Studylist of the Week: Animal Mysteries

Did you know that sharks have cells in their brains that can detect electrical fields?

I sure didn’t.

There’s so much we don’t know about the other inhabitants of our world, and the more we learn, the more we realize we have so much left to learn.  The Animal Mysteries studylist details some of the more unexplainable phenomena of the animal kingdom.

Earth is home to innumerable species of animals, many of them more mysterious and bizarre than the most imaginative science fiction aliens ever created.  And just when we start to think we’ve got them figured out, we discover something entirely unexpected.

 

Mass fish and bird deaths last winter proved difficult for scientists and other experts to understand.

Even though there was no evidence that the events were linked, the eerie coincidence led many to worry that this was a sign of worse to come.

 

A newly discovered microbe is changing the way we think about life.

Instead of phosphorus, which until now was considered essential to life, these tiny creatures can feed on a highly poisonous metallic element, arsenic.

 

Unlike wolves, coyotes can coexist comparatively peacefully with humans, moving about mostly at night and remaining wary of people.

They continually avoid people through resourcefulness, making them easy to live around but difficult for researchers to study.

 

The largest fish species in the world, the Whale Shark, is so quiet and unlikely to cause trouble that people can play with them or even hitch a ride on a fin.

Despite their huge size, they have proven difficult to study, so researchers don’t even know how many of them may be in the oceans.

 

One of the best things about scientific inquiry is the knowledge that there is always more out there to discover.  And when it comes to animals, I suspect we’ll continue to be amazed and intrigued by our fellow Earthlings for a long time to come.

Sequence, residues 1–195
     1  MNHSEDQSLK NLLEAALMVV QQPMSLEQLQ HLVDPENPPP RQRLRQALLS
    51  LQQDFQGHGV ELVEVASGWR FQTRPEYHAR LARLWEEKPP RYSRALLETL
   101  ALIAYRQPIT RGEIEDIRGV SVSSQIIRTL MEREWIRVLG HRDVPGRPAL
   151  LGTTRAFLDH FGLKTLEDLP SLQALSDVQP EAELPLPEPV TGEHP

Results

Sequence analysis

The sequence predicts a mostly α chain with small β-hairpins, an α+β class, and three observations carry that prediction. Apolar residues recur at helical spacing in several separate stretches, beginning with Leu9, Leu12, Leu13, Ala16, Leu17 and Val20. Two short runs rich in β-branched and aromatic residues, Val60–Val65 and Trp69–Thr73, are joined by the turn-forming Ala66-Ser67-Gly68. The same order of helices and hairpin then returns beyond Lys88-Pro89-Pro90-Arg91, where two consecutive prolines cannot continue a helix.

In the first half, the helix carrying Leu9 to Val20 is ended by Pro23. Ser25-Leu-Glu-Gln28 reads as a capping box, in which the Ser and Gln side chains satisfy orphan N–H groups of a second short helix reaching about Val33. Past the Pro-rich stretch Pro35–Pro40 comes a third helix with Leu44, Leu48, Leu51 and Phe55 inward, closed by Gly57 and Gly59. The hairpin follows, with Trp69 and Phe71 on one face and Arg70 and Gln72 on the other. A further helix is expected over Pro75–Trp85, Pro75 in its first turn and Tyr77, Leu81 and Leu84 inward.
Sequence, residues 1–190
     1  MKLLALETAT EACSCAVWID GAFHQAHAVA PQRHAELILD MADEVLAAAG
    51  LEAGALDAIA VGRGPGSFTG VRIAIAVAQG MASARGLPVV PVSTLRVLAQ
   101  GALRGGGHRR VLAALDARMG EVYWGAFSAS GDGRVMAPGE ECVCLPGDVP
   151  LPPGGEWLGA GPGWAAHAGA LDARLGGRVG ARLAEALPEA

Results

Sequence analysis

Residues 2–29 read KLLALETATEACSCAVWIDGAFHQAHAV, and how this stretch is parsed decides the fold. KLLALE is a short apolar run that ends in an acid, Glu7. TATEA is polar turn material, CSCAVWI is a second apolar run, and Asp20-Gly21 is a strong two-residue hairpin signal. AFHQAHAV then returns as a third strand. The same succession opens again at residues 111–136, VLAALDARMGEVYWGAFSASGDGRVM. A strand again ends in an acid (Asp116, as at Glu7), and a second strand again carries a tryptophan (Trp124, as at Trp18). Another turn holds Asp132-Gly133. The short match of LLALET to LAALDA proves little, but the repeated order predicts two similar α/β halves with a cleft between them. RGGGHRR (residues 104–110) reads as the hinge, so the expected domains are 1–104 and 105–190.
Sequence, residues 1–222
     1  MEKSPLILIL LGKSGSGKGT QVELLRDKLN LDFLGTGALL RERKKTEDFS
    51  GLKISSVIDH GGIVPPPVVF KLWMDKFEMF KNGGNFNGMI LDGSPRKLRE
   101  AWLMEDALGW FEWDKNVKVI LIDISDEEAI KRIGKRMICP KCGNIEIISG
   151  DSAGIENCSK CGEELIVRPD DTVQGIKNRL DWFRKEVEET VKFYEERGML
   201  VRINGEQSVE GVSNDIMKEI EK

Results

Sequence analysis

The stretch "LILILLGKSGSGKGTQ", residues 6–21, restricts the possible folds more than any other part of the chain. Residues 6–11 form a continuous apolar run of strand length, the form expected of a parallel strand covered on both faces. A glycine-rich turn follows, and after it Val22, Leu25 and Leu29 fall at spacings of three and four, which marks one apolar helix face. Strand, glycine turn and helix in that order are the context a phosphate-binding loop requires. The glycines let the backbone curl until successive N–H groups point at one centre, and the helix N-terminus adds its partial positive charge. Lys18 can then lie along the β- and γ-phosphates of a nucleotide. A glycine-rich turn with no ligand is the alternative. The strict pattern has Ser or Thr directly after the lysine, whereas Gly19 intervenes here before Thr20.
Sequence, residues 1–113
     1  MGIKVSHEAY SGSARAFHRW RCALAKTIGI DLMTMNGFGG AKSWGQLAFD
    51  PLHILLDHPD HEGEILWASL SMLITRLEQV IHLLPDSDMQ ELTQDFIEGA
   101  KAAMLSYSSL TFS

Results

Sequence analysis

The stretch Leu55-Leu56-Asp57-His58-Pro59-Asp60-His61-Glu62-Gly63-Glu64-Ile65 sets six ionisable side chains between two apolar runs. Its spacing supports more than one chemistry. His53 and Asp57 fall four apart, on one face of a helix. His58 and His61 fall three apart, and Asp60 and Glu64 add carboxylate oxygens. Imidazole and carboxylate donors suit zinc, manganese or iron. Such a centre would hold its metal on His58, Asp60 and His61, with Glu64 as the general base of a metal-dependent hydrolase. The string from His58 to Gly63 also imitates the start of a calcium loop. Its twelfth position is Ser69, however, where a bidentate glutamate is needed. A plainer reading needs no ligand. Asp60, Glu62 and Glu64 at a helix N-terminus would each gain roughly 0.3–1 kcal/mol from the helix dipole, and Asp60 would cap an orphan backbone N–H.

Do you have any stories of animal mysteries to share?  Do you know of any newly discovered animals or animal abilities that have left scientists stumped?  Let us know in the comments!

Studylist of the Week: Weather Words

Sometimes, with all of our cars and buildings and roads and hospitals and zoos and nice safe houses, we forget who’s really in charge around here.

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Mother Earth.

But with raging storms, earthquakes, floods, and other huge acts of nature, She has her ways of reminding us.

The Vocablets in the Weather Words studylist showcase some of Mother Nature’s awesome might while also making vocab words memorable!

 

The Amazon, located in South America, is the largest rainforest in the world and one of the wettest places on Earth.

However, the shortage of rainfall that the region has experienced since the start of the 21st century has scientists worried about its future.

 

St. Elmo’s fire is not just an iconic 80′s movie — it’s also a weather phenomenon that creates a bright blue or violet glow under the right conditions.

In atmospheric electric fields (like during a thunderstorm), air molecules separate into ions, creating luminous plasma.

 

 

The one who shaped the mountaintop trees of South Africa with artistry and precision into their gracefully curved forms is a notoriously slow creator.

Wind has the reputation of a great destroyer, but given enough time, it can also be a sculptor of great beauty.

 

 

Venezuela had an exceptionally wet rainy season in 2010, which scientists attributed to a climactic phenomenon called La Nina.

The huge quantities of fast falling rain caused floods that swept through towns and destroyed thousands of homes, killing dozens of people.

 

The efforts of human beings to control or even simply to understand our world can seem paltry and small when faced with the truly formidable power of Earth.  So much that we are able to create can be taken out in an instant by an angry planet.

It is a humbling thought.

Do you have any stories of amazing weather phenomena to share?  Has any huge natural event happened where you live?  Tell us about it in the comments!